In Swiss Oil Corp. v. Hupp, supra, we thought the differences between the fugacious quality of oil and gas and a fixed and solid mineral, and between an oil and gas lease and a coal lease (which is in fact, under Kentucky law, the conveyance of absolute title to the mineral) should make a difference in the measure of recovery. However, it was not required that the rule as to solid minerals should there be changed. *95 Another important factor in the case was that the suit was between lessees, each claiming priority. The one or the other was entitled to the oil, the owner of the land receiving royalty in any event. We followed the weight of authority and held the recovery to be "the value of the oil at the mouth of the well, less the amount reasonably expended in producing it" or, stating it another way, "the net value of the oil as established by the sale price." That rule has been since applied to the removal of minerals of that character. Kentucky West Virginia Gas Co. v. Hatfield, 260 Ky. 315, 85 S.W.2d 672; Lawrence Oil Corp. v. Metcalfe, 266 Ky. 819, 100 S.W.2d 217; Petroleum Exploration v. House, 268 Ky. 631, 105 S.W.2d 804. But where the litigation was between one who had been adjudged to have title to a fractional interest in land previously leased for oil and gas and there appeared to have been an election to recover on a royalty basis, we held that to be the measure of recovery rather than net proceeds. Stephens v. Preston's Heirs, 300 Ky. 843, 190 S.W.2d 468.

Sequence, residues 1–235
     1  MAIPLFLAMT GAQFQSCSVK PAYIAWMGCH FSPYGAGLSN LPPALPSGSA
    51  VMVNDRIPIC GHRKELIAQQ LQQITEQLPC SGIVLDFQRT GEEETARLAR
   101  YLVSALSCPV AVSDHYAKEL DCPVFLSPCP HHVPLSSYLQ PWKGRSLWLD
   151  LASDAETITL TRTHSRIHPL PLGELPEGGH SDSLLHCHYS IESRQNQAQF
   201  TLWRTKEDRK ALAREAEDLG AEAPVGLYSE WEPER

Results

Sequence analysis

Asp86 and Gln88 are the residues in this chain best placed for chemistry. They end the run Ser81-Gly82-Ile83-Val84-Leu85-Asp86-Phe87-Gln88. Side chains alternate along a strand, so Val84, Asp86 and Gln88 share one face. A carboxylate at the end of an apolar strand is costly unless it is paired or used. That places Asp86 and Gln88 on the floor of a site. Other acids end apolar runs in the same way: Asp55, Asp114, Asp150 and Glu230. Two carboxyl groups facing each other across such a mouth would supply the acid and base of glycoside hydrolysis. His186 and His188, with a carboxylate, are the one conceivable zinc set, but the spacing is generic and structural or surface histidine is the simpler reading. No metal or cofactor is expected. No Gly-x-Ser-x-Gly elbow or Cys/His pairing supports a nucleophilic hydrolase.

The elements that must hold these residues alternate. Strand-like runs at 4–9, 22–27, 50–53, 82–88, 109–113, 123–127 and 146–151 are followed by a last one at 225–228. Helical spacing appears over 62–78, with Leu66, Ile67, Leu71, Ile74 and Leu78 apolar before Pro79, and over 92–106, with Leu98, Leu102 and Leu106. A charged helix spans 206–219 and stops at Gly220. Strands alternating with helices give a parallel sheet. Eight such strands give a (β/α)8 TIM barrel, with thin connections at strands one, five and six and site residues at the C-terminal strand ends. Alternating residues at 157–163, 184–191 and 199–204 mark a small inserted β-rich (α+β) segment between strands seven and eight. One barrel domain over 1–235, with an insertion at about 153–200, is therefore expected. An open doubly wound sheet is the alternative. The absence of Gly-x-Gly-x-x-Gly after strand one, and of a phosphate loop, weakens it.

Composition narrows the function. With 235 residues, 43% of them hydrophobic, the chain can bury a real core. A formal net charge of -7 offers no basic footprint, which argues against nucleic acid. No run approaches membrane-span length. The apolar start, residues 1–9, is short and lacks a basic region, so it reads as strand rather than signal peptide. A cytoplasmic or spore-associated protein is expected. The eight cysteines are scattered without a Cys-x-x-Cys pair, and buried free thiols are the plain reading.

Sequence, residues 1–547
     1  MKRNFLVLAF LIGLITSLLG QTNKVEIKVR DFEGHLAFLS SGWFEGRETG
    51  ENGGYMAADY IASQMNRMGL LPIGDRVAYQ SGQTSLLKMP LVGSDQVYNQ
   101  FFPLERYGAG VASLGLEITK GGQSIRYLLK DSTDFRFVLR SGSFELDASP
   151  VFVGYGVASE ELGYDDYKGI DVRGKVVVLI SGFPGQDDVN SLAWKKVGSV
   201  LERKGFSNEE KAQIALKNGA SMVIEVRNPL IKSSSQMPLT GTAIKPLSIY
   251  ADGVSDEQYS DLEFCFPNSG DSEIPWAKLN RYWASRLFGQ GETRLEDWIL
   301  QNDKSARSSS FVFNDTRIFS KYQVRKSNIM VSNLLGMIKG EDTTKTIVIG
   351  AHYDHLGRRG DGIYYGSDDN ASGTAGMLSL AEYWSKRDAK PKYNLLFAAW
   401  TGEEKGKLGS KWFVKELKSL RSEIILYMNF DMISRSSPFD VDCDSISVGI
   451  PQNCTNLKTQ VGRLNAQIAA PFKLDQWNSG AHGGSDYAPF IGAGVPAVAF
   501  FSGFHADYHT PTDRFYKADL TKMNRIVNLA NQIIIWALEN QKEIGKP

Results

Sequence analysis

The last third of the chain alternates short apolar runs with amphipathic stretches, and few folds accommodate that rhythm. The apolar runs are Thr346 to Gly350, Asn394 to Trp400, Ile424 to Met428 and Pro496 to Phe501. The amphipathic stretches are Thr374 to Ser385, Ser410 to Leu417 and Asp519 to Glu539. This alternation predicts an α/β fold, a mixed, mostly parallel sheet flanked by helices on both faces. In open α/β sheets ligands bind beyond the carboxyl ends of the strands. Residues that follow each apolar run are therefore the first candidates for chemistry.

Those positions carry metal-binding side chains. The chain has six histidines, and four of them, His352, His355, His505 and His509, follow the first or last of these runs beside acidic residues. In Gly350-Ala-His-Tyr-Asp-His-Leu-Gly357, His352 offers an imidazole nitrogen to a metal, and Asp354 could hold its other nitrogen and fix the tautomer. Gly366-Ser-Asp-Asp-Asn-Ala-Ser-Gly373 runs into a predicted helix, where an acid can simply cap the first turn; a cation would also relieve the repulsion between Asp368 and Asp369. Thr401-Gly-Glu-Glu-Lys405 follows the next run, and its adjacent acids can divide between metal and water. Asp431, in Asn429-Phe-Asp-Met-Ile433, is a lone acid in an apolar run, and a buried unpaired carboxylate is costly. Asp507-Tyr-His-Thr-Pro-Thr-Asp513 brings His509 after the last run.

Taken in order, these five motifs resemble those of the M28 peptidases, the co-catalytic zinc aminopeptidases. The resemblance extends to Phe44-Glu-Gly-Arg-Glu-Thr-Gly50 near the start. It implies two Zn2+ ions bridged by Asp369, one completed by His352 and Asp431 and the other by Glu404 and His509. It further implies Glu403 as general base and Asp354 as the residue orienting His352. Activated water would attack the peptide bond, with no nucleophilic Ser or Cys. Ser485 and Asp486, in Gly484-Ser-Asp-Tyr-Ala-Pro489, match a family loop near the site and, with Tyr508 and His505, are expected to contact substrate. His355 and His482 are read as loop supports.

We are here confronted with the question whether or not this court should follow the conclusions in the Hupp case or adhere to the cases holding that under any and all conditions the right of recovery from an innocent trespasser who has extracted coal or other solid mineral is the customary royalty and nothing more.